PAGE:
Again, like a totally different cartoon.

Again, like a totally different cartoon.

And the gargoyles are in the whole movie! They aren’t even Quasimodo’s imaginary friends. They are very real and partake in the final fight scene, all the while making horrible jokes. Disney, we live in a Miyazaki world! Kids can and will watch movies with battle scenes that are just action sequences.

Honestly, I think that about halfway through Disney thought, “Wait, sexual predators and murder? What the fuck are we doing?” and started cramming stupid, kid-friendly moments in to make up for that. But, that really hurts the tone of the film, and ruins serious moments with stupid fantasy and an ongoing gag about how a gargoyle is in love with the goat… What the hell, movie? And this does the most harm to our romantic couple, Esmeralda and Phoebus, who in this version is her lover and not, you know, a rapist. To be fair, if I remember correctly, the ’39 version does the same thing. However, the lack of character development, especially when contrasted to the villain and main character, really makes these two seem kind of bland. Esmeralda looks amazing, with her great character design, and she does interesting things, like dance and stand up for others, but her personality is really not that interesting. couple She’s just kind of a Mary Sue, a beautiful, self-sacrificing woman who everyone is in love with. That’s not that interesting. And Phoebus is John Smith-dull, making Disney Prince-style quips and heroics that seem kind of out of place.

Quasimodo is also not really the most compelling character, although he’s better than our lovebirds. Yet again, we have a love triangle where the character who doesn’t “get the girl” (I know, it’s kind of a regressive concept in itself…) is the more interesting one. He’s upbeat and kind-hearted, and you do genuinely feel bad for him. I wouldn’t say he’s exactly an original character, though, since he seems pretty strongly influenced by The Elephant Man. But, that’s a great movie, so if you are going to borrow from someone, make it David Lynch.


Tonally, the movie is all over, from horrific to childish to blandly light-hearted to tragic, and the transitions basically don’t exist. I feel like the studio didn’t have enough confidence to believe in this project and really push their artistic boundaries. Instead, they held back, dumbed it down, and shied away from the real heart of the story. Which begs the question: why adapt this story at all?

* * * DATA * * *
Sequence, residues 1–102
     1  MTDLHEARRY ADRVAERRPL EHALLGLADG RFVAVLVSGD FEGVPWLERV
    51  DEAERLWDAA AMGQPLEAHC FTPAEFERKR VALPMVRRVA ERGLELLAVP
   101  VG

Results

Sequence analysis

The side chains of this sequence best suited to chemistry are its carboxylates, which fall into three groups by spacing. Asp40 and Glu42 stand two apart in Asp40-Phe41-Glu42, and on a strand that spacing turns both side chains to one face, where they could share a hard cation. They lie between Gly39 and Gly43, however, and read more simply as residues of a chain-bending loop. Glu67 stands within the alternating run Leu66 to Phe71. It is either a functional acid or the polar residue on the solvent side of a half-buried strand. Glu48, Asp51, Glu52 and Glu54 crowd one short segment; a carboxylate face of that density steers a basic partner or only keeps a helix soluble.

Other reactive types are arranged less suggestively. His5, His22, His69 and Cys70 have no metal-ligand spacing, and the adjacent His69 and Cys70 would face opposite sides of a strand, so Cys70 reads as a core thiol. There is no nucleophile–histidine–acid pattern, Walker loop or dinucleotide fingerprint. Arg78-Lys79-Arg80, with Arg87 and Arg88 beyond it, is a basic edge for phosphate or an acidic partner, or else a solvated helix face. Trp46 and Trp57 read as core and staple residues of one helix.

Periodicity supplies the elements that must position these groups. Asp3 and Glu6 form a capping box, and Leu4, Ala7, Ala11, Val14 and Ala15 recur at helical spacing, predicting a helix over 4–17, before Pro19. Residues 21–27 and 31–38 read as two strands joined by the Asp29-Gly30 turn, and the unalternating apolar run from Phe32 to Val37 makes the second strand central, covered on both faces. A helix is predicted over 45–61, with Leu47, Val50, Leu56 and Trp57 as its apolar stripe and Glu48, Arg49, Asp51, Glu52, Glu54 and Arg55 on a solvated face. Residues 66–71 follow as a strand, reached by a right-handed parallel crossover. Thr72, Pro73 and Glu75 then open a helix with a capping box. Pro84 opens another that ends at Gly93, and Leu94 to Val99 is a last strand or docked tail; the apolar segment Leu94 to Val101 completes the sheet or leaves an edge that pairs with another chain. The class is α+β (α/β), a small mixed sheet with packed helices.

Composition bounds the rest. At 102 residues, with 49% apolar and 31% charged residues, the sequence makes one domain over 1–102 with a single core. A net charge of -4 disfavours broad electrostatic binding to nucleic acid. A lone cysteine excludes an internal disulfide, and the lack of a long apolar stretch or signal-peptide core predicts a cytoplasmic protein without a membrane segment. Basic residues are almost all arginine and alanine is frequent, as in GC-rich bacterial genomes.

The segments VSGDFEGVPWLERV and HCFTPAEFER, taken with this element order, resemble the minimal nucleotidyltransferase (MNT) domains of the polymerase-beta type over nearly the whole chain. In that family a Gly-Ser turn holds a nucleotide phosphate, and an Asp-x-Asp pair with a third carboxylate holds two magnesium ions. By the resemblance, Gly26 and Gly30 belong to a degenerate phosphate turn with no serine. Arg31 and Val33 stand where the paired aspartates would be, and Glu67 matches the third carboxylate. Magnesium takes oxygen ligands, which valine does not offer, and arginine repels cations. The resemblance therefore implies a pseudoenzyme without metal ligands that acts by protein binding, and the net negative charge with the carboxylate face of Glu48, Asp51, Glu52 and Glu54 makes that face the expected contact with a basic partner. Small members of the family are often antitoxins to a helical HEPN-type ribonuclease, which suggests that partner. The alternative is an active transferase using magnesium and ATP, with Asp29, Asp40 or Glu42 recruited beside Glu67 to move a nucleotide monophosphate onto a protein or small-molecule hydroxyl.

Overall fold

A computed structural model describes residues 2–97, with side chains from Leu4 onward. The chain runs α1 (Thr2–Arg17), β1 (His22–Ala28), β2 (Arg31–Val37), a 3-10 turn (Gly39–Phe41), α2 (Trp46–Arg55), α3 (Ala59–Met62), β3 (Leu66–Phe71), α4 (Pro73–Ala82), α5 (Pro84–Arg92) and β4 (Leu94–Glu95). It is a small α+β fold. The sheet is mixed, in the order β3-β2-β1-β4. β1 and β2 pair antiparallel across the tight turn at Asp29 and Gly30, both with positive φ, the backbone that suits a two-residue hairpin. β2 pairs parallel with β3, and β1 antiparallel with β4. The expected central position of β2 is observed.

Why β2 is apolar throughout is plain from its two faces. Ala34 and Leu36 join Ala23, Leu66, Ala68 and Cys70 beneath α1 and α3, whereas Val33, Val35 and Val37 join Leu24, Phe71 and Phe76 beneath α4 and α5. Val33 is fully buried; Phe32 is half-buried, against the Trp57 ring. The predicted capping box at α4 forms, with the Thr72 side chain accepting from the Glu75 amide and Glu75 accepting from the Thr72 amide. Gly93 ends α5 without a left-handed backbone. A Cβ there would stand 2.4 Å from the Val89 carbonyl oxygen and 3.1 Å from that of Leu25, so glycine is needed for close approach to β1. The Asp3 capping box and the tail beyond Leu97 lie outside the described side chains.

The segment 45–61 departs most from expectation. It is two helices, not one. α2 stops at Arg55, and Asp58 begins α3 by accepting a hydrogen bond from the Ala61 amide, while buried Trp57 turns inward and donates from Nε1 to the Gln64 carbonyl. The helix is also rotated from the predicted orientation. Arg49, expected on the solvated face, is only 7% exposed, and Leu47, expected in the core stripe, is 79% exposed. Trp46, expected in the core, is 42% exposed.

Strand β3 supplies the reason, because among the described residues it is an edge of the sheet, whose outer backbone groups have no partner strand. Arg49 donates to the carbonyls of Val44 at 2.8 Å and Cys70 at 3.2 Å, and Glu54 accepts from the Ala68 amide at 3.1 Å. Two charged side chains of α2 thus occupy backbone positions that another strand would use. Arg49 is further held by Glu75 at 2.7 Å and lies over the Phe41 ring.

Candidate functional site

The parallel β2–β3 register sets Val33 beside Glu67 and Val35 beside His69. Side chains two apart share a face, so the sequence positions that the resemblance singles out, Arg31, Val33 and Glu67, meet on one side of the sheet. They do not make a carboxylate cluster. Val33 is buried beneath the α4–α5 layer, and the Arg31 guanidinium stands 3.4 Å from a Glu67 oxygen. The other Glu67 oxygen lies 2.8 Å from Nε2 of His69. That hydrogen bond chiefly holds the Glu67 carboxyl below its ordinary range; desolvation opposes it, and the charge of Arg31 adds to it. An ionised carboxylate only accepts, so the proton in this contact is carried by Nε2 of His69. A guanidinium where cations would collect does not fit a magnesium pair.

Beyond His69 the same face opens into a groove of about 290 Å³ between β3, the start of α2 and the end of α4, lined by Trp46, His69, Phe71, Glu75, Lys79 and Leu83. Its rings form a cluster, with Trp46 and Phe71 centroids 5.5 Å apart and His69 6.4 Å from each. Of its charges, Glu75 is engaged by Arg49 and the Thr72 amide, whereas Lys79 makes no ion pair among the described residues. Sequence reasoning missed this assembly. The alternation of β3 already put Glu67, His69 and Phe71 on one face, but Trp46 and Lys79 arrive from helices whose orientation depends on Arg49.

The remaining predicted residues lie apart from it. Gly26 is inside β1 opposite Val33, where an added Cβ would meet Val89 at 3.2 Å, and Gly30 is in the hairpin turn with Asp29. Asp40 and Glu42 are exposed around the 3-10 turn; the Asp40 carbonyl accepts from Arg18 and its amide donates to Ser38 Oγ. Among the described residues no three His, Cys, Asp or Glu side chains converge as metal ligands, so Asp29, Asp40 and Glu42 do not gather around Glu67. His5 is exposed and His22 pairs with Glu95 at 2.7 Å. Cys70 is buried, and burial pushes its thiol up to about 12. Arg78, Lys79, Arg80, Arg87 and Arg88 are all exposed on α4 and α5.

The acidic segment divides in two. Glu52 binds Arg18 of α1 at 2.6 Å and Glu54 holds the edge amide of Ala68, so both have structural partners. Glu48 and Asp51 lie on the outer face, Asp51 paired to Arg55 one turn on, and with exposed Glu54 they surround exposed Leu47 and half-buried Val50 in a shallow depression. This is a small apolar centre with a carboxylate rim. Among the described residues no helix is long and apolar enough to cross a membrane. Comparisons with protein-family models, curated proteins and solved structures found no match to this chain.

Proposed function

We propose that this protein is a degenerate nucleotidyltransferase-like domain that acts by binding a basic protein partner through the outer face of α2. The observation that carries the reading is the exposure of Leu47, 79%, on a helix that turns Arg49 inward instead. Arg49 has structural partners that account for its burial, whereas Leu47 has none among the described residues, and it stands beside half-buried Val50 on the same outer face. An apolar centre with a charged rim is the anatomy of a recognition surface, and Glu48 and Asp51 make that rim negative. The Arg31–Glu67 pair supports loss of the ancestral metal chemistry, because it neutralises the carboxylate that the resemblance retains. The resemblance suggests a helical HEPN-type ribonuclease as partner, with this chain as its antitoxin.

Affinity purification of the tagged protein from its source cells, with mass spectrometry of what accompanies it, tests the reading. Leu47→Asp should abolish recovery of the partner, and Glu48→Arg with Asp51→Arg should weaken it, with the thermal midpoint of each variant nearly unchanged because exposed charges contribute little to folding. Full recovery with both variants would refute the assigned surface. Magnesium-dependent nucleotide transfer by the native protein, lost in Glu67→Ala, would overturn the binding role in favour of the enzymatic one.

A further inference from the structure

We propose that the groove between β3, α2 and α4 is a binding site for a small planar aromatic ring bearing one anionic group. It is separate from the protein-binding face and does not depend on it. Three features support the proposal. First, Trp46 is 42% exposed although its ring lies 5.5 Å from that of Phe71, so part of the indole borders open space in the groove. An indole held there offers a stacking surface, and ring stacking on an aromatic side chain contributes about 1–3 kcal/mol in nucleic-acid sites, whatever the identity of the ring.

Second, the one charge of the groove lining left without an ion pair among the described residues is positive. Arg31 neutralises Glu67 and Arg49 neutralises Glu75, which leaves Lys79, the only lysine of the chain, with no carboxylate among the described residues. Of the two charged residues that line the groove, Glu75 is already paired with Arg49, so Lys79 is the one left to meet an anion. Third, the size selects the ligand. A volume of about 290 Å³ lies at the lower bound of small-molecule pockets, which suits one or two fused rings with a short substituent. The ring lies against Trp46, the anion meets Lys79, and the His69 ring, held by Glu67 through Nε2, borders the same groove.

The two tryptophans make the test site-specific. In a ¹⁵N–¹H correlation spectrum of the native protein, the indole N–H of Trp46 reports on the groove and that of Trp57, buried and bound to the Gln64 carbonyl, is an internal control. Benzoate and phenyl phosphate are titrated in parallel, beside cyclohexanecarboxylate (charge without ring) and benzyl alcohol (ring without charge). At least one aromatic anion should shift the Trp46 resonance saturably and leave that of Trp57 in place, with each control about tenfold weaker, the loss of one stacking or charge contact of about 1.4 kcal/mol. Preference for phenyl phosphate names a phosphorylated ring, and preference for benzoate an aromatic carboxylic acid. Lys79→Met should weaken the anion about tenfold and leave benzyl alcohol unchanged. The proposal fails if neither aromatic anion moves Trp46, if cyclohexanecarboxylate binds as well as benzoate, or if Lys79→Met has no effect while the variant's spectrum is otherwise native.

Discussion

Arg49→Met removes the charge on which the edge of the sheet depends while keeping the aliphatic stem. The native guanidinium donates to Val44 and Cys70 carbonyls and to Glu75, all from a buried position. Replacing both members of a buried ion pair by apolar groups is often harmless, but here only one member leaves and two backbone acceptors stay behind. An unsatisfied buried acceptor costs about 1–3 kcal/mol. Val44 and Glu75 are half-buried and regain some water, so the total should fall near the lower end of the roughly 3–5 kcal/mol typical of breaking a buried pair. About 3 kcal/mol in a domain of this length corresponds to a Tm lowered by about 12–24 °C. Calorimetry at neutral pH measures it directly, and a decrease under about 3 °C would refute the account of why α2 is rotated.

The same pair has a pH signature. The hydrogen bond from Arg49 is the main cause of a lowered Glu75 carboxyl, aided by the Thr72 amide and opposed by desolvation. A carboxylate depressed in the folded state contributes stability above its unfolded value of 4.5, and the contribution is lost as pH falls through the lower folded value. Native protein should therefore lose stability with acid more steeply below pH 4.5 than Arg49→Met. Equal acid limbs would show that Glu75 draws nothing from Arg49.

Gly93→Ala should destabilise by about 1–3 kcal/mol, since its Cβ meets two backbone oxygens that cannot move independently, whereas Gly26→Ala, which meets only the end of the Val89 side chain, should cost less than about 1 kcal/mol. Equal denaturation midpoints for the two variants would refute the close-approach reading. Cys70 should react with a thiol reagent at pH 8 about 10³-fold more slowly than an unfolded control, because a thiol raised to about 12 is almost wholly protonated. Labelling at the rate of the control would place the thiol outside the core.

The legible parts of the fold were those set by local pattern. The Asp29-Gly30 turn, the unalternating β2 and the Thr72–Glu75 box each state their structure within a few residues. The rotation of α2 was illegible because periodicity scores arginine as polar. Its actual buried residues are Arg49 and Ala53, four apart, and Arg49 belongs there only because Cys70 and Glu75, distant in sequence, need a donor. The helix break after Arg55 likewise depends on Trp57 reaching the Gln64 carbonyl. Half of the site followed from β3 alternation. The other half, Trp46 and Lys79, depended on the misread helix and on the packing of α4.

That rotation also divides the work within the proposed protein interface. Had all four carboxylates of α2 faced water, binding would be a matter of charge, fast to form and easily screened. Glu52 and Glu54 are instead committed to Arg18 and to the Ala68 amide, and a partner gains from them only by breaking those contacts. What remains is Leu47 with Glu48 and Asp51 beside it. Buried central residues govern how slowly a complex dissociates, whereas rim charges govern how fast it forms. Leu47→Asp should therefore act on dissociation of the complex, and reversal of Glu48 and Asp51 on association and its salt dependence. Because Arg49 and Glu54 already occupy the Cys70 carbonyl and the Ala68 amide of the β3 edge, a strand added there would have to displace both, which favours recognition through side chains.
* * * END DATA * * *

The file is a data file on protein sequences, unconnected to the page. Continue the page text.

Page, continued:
Well… remember what I said about Disney’s relationship with the mega-musical and how influenced Beauty and the Beast is by Phantom? Well, what’s the other big, successful mega-musical everyone loves? Oh, yeah…

French misery, by Victor Hugo

French misery, by Victor Hugo

Huh, I wonder if that had anything to do with the decision? It’s only a Disney musical adaptation of a work by the same author, featuring mega-musical style songs and big-choral moments, just like that other music. But, I’m sure that in no way influenced the decision at all…

In the end, I think most people, and especially the studio, look at this movie as kind of a miss. This is too bad, really, because it has a lot of good. And, it’s also too bad because the studio learned exactly the wrong message and instead of deciding to make films more brave and more adult, they decided to abandon that idea and go with the funny, cutesy moments that actually were the real flaw with this movie. And, because of this, this is basically the end of the Disney Renaissance. Oh, they have one last hurrah, but it’s definitely a back-peddle from the direction they tried to go with Pocahontas and Hunchback. I don’t suppose we’ll ever get to see what Disney was going for with this brief foray into the mature and its break from its image. Which is too bad, because the idea was really interesting, even if the execution didn’t always pay off.

Oh, well, at least we have this, one big, beautiful, messy movie about sexual predators, murder, and genocide from the Happiest Place On Earth.